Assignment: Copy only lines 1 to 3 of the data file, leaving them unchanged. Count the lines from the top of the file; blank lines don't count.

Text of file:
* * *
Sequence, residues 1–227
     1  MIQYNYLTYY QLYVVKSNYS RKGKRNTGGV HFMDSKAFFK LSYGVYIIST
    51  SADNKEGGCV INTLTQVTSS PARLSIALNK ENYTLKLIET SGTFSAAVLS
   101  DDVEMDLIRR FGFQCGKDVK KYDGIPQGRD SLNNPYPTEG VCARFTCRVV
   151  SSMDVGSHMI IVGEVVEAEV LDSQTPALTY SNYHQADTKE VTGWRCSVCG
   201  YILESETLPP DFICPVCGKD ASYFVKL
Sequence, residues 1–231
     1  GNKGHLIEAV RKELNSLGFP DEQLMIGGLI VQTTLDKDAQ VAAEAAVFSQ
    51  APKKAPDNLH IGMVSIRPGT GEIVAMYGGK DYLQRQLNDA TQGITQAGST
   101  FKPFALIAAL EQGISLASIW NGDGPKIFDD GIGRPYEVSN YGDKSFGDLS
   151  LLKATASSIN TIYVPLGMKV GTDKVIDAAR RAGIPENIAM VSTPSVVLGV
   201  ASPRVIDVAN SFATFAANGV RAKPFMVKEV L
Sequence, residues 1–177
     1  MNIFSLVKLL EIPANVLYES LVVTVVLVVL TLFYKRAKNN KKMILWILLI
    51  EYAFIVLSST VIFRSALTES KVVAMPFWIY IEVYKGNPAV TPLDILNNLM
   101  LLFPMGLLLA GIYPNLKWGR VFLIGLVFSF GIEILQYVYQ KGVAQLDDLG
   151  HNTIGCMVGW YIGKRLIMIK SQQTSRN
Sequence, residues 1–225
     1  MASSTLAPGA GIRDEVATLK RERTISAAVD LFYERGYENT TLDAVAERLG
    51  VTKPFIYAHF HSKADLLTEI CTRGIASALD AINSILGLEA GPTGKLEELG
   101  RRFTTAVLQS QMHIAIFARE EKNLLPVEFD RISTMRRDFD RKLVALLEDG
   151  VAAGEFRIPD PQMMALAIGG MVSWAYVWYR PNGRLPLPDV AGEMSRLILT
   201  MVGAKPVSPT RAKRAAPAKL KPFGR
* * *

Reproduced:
Sequence, residues 1–227
     1  MIQYNYLTYY QLYVVKSNYS RKGKRNTGGV HFMDSKAFFK LSYGVYIIST
    51  SADNKEGGCV INTLTQVTSS PARLSIALNK ENYTLKLIET SGTFSAAVLS